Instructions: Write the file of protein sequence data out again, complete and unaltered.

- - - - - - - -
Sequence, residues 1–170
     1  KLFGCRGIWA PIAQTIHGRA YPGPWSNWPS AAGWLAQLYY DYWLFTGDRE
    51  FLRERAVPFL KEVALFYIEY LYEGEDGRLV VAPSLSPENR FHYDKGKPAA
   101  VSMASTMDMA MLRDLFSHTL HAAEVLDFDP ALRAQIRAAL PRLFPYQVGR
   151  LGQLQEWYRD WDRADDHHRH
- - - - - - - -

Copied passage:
Sequence, residues 1–170
     1  KLFGCRGIWA PIAQTIHGRA YPGPWSNWPS AAGWLAQLYY DYWLFTGDRE
    51  FLRERAVPFL KEVALFYIEY LYEGEDGRLV VAPSLSPENR FHYDKGKPAA
   101  VSMASTMDMA MLRDLFSHTL HAAEVLDFDP ALRAQIRAAL PRLFPYQVGR
   151  LGQLQEWYRD WDRADDHHRH